Jim Carroll

Music, Life and everything else

How playlists became the new rock’n'roll

The rise and rise of playlists when it comes to finding out about and plugging music

Dean Calagno demonstrates the old-school way to compile a playlist. Photo: Orlando/Getty Images

Mon, Aug 10, 2015, 09:59


It will not have escaped your notice that playlists are having a moment thanks chiefly to the rise in importance of music streaming services. I wrote about this in the paper on Friday, prompted partly by the fact that a day does not go by when you don’t find articles like this or this or this or this or even this popping up on the screen every few days. There are now as many articles about playlists as there are actual playlists so I really didn’t want to be left out.

But all the same, it’s fascinating to consider the science behind many of the playlists which have become accepted go-to guides to new music. In some cases, you’re checking out the selections of a human you may know in real life or may know just by reputation. At least, you assume it’s a human. On the other hand, you have playlists like Fresh Finds and Discover Weekly from Spotify, both of which are based largely on algorithms. The former is “brand new tastemaker gems” based obviously on the seletions of what the service considers to be early adopters or tastemamkers, while the later is based on what you’ve been listening to over the last while.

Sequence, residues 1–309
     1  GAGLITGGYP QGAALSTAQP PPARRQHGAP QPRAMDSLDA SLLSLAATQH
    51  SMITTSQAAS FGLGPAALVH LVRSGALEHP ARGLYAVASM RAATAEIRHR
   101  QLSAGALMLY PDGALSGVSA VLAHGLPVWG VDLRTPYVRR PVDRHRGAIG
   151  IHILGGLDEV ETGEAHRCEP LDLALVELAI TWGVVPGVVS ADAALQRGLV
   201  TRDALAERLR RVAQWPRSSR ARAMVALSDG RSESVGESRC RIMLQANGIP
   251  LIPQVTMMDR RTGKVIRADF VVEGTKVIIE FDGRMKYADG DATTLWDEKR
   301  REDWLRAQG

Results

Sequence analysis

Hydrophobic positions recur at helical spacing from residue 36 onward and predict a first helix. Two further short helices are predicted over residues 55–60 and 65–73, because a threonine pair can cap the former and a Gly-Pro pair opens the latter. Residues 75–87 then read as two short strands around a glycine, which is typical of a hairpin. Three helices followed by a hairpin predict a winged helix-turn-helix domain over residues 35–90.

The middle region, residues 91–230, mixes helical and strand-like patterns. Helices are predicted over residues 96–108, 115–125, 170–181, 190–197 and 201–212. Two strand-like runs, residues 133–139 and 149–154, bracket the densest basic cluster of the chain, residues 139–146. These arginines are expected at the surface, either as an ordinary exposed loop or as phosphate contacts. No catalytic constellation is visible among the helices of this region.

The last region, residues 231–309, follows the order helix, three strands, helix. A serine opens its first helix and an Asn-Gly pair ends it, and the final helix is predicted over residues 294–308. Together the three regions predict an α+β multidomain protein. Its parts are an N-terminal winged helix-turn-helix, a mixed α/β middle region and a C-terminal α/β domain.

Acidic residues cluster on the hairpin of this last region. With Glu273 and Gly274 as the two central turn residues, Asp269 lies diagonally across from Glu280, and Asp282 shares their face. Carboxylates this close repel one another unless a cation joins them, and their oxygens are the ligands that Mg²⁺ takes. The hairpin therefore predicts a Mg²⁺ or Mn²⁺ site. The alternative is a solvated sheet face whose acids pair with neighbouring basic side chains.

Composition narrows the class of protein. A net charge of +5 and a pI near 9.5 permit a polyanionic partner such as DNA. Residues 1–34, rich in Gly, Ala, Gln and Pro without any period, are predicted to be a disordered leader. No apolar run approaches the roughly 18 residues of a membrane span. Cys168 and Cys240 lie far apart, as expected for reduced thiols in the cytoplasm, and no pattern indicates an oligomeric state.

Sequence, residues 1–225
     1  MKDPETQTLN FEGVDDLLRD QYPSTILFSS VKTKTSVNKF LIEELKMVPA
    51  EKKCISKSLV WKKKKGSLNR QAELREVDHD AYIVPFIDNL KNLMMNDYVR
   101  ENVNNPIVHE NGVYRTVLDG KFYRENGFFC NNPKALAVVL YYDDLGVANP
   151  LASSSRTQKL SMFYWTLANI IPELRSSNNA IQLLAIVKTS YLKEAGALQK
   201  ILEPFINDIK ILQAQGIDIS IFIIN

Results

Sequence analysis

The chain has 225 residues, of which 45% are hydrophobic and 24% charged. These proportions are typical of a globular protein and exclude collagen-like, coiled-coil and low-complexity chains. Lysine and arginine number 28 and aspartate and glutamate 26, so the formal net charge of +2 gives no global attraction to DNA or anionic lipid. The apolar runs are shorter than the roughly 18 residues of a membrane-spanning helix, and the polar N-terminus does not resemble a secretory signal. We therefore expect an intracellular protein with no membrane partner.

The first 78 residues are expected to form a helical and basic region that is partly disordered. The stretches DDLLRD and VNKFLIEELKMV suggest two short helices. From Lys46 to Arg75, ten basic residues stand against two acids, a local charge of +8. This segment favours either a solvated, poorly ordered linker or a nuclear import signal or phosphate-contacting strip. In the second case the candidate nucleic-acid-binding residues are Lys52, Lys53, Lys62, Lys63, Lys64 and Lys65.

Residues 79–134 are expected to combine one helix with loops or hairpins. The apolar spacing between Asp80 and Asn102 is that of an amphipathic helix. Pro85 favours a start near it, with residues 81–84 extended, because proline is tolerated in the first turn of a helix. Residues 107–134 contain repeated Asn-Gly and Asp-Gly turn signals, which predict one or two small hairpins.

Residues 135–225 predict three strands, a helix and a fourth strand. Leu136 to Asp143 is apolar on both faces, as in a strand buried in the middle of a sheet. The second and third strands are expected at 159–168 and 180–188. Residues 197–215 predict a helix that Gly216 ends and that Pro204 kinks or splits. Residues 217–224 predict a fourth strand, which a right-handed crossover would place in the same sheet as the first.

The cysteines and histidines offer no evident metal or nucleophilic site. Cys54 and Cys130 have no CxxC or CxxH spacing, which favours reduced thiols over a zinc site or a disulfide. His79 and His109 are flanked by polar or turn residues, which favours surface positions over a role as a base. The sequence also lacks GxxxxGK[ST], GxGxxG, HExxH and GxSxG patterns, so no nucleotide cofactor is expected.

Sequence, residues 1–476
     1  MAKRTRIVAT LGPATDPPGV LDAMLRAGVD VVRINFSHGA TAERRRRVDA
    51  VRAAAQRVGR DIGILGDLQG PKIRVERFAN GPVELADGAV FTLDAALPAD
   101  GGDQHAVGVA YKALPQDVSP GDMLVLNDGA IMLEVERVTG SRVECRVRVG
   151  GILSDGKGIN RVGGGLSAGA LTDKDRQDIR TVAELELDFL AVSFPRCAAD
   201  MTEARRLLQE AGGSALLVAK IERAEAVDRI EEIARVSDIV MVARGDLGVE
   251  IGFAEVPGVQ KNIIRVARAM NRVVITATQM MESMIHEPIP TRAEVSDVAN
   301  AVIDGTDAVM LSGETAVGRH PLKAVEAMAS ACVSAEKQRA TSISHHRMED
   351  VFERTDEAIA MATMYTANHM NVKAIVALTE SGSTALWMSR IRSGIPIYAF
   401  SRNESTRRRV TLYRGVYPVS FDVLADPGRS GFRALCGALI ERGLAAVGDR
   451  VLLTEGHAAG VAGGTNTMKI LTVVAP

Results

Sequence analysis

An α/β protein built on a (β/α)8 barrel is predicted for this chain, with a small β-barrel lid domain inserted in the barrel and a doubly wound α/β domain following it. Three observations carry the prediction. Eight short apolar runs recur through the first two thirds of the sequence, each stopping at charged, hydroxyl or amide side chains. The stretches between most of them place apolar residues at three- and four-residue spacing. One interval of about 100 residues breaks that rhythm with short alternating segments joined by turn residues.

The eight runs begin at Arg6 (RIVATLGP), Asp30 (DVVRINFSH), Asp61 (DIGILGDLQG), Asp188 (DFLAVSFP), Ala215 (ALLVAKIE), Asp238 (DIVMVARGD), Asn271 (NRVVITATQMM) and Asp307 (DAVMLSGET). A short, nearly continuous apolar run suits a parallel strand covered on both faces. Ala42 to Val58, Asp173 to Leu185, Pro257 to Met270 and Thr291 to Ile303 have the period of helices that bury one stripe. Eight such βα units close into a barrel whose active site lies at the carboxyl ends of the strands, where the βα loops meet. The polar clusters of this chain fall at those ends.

The economics are just as interesting. As I point out in the piece in The Ticket, playlists are receiving more and more emphasis because they’ve begun to replace albums for many people in terms of raising profile and breaking acts. Increased emphasis means people moving in to make the most of the market in the gap and there are now plenty of companies seeking to monetise plugging to playlist compilers. As this piece about a discussion at The Great Escape a few months ago explains, the monetising works both ways with some playlist compilers actively seeking cash to include the tracks on their lists. It’s worth bearing in mind, then, that some playlists are, in effect, getting paid to play, but it’s unlikely that they’ll plug this fact. New-school payola – yes, playlists are the new radio.